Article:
Diabetes Gestational Diabetes

All You Should Know About Gestational Diabetes

Gestational diabetes affects women alone. This type of diabetes occurs when you are expecting a newborn. It might not show in the first trimester of the pregnancy, but between 24 – 28 weeks of a pregnancy, it will begin to exhibit concrete signs and symptoms. This happens when the body produces excess glucose. This have a great effect on your pregnancy as well as general health of the baby.

No woman would like to have complications when expecting a child. Women who are at the risk of gestational diabetes could prevent and control this disease by eating healthy, balanced meals, doing regular exercises, and taking recommended medication for the disease.

Signs and Symptoms of Gestational Diabetes

Though there could be no direct signs and symptoms of diabetes during pregnancy, it could be identified with regular exams carried out during your pregnancy period. These signs will exhibit when glucose levels are abnormally high. In this case, general symptoms of diabetes will show out. They include:

  • High frequency of urination
  • Increased and continuous thirst
  • Increased, Non-stop hunger

These symptoms gradually decrease after birth of the baby. Your glucose levels get back to normal levels. On rare cases, glucose levels do not get back to normal, and thus have to take diabetes medication to maintain it.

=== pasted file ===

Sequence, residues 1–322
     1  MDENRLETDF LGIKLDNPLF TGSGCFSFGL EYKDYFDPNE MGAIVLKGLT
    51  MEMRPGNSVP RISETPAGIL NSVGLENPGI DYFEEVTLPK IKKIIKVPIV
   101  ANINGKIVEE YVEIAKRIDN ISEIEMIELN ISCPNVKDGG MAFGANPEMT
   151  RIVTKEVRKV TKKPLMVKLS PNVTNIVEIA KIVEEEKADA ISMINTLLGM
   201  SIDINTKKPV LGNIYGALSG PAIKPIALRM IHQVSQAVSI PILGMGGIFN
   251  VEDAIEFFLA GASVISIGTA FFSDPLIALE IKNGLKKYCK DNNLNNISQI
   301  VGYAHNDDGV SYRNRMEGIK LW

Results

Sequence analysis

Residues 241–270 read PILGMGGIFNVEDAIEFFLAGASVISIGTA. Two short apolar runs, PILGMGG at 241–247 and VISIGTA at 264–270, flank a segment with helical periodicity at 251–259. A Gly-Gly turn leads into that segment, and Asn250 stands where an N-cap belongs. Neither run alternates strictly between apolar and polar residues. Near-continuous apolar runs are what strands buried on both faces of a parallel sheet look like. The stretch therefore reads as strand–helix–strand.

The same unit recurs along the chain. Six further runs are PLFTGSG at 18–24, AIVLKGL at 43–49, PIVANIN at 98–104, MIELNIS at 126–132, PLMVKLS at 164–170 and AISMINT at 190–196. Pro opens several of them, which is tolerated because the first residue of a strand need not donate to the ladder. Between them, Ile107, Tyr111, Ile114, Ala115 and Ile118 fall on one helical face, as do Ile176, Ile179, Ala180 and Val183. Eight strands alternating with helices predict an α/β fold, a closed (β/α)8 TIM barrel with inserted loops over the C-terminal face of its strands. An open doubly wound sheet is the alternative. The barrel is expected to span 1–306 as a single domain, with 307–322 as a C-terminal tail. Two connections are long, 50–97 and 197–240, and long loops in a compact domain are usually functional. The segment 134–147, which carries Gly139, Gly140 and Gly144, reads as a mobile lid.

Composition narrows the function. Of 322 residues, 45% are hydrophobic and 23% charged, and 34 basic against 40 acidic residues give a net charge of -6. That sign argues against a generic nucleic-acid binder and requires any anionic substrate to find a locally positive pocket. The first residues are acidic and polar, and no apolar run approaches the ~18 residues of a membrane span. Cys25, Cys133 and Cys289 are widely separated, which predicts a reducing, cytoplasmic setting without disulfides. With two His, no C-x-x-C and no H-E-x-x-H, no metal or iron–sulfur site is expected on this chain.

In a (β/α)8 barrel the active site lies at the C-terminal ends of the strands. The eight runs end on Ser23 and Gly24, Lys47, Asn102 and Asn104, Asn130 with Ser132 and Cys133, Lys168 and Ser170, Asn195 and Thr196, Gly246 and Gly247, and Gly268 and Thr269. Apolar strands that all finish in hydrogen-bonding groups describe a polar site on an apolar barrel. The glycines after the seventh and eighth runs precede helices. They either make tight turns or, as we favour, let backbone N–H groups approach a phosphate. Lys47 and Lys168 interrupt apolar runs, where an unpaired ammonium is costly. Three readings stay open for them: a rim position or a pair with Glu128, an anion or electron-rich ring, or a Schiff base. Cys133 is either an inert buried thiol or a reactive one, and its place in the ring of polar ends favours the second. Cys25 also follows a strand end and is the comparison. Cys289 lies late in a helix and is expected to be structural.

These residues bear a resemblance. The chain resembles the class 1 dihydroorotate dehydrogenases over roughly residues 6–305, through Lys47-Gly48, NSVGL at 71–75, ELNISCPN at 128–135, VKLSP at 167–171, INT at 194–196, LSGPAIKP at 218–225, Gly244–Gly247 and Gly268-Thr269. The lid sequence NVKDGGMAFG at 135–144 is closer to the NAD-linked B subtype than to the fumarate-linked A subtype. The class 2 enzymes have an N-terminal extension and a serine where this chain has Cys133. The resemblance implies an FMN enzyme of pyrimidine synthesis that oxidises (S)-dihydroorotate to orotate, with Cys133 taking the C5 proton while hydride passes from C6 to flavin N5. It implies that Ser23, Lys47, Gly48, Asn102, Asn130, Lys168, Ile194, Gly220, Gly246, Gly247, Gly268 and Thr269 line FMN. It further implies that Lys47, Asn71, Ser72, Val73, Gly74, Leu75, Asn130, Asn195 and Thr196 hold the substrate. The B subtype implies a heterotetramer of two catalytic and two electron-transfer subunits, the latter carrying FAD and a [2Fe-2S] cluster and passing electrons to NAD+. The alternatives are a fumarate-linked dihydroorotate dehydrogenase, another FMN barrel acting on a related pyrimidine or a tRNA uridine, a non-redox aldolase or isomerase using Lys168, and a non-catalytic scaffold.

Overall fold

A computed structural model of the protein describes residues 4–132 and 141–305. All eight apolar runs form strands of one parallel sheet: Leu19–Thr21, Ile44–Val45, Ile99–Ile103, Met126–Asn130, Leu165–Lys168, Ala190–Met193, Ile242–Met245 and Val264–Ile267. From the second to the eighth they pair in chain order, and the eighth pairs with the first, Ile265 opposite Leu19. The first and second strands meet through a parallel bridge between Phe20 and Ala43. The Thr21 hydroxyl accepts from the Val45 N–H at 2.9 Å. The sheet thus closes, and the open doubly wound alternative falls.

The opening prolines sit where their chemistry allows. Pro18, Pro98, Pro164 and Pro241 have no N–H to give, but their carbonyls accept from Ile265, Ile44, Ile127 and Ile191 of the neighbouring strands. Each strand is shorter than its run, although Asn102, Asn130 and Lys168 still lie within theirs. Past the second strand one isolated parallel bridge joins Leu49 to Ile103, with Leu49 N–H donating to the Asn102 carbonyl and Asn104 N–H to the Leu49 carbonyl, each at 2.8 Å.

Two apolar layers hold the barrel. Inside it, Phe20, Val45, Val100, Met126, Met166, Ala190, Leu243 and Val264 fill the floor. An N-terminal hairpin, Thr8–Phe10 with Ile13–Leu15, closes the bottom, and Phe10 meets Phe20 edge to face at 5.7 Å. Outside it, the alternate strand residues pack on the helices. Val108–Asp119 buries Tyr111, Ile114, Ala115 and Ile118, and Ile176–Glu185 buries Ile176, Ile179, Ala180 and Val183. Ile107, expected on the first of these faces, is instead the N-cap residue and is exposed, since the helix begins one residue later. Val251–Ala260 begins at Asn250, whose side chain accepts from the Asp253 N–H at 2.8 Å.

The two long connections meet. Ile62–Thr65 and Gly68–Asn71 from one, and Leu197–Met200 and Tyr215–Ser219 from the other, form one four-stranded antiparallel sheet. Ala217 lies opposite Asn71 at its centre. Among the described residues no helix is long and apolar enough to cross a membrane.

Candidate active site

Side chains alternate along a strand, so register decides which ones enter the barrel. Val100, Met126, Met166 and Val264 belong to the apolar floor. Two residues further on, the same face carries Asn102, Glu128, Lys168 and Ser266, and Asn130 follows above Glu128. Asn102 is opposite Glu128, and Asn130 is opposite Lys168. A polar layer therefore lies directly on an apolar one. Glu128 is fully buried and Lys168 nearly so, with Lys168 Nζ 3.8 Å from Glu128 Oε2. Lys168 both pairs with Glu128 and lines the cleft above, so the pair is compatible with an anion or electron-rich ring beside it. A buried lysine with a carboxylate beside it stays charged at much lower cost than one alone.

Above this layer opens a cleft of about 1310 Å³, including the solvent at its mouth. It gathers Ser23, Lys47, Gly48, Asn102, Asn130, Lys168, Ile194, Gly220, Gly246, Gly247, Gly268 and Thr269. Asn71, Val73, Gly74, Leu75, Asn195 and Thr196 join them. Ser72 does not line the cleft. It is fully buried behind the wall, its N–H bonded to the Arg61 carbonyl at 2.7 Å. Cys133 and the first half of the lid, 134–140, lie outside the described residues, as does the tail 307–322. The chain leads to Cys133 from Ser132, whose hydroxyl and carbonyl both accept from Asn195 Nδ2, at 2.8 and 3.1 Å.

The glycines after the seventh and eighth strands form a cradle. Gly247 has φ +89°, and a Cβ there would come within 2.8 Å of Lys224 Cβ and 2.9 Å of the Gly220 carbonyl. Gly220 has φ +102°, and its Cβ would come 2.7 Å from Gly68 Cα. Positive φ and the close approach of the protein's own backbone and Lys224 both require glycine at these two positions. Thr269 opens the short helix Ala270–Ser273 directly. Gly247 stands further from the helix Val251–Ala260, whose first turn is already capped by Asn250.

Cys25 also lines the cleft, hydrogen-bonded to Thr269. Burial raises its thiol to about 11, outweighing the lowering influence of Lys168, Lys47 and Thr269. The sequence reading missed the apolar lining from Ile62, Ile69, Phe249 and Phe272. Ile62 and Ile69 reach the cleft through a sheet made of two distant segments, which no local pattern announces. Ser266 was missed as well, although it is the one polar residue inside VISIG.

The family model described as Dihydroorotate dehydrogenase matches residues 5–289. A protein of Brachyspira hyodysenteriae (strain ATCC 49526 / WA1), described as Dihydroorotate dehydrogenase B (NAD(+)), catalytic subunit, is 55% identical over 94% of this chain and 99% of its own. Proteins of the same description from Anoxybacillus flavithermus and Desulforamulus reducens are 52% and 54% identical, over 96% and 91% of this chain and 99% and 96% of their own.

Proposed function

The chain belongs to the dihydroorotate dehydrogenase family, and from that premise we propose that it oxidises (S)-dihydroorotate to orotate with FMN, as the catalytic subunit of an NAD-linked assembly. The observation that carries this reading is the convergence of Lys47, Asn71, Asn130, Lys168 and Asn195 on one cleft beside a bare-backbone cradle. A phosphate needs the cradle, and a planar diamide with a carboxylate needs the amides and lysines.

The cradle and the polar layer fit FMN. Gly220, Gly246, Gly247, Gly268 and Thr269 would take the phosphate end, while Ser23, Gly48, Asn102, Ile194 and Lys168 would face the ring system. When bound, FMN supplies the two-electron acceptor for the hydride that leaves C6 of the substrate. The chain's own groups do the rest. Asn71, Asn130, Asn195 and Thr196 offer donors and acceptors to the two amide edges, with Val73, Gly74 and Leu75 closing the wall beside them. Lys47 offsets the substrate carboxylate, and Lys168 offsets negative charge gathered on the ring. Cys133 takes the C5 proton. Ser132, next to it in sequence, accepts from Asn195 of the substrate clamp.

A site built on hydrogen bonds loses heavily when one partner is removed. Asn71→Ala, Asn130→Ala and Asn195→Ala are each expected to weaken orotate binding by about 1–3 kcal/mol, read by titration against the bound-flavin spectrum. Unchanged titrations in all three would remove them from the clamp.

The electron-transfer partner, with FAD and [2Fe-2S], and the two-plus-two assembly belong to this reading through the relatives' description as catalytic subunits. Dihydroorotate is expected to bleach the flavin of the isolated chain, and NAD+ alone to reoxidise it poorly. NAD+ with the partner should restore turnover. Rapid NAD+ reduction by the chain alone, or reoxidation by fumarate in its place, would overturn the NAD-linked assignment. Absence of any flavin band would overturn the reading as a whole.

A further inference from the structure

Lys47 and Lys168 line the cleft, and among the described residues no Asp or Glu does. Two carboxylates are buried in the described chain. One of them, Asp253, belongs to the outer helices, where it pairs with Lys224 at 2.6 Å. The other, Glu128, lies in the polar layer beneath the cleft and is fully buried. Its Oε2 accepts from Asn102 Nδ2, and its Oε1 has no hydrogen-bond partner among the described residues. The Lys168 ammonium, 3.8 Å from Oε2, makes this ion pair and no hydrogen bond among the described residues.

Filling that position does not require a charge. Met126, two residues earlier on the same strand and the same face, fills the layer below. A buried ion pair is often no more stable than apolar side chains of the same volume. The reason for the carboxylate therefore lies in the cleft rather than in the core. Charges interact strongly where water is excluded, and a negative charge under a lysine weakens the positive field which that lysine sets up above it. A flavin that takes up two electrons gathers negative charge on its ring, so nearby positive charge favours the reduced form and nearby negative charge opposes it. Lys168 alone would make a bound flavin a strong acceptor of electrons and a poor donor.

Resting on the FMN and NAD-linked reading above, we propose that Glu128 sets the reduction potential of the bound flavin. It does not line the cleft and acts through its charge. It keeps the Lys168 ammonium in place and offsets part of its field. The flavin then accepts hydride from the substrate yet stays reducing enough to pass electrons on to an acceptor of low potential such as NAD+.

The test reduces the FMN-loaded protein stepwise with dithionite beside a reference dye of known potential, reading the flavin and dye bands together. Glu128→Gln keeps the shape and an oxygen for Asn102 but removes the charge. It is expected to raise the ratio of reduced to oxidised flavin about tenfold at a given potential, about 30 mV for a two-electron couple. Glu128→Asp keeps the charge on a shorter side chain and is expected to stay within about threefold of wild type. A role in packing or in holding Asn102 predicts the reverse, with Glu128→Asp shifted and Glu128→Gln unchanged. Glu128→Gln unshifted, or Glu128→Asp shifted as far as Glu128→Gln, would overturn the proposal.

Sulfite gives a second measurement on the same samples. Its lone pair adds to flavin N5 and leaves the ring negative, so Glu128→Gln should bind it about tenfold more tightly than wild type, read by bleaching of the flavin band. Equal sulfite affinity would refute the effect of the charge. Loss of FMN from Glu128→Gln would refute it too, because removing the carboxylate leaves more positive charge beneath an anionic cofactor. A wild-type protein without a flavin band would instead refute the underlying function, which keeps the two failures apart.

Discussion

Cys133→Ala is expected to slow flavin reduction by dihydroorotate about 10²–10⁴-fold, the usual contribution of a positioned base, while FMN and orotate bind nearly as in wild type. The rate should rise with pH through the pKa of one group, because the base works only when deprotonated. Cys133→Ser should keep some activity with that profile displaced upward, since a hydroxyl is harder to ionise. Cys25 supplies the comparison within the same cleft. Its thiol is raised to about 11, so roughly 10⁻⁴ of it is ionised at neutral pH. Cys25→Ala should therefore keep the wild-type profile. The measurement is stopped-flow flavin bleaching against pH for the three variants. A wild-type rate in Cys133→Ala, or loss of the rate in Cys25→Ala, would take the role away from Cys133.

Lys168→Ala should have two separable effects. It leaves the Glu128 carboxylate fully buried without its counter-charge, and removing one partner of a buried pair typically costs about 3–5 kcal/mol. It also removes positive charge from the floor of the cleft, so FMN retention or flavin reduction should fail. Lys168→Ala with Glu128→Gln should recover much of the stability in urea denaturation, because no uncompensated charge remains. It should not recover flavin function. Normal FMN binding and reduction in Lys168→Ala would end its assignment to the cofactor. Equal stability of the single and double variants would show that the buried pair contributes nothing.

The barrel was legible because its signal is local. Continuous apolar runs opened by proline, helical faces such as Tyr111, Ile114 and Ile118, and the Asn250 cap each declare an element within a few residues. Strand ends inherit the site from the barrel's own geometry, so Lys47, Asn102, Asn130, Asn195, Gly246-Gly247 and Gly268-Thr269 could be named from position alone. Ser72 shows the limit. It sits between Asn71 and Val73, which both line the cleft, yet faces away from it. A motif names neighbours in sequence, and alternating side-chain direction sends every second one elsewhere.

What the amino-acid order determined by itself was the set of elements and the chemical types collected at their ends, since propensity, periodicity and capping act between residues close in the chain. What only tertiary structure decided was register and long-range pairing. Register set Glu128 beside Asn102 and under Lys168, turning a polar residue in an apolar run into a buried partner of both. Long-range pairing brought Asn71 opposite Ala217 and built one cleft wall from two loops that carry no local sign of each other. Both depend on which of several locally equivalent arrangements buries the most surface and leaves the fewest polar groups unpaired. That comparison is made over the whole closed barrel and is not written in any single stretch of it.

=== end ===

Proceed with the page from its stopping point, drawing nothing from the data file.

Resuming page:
Complications Associated with Gestational Diabetes

Most women who have gestational diabetes have healthy babies. However, if the disease was not controlled early enough, it could lead to a number of complications to both the mother and the newborn.

  • Excess Weight: When blood sugar or glucose shoots to high levels, it could lead to more production of insulin. As a result, the baby becomes overly large, a condition known as Macrosomia. This could lead to difficult deliveries or sometimes C-Section delivery.
  • Respiratory Distress Syndrome and premature birth: When glucose levels goes too high, the baby may become too big. The doctor may recommend an early delivery. Consequently, pre-term infants have difficulty breathing, a condition known as RDS (Respiratory Distress Syndrome)

There are other problems related to gestational diabetes. However, sticking to a healthy lifestyle is one choice that will keep you off the disease. Additionally, taking regular diabetic checks during pregnancy could prevent long-term effects.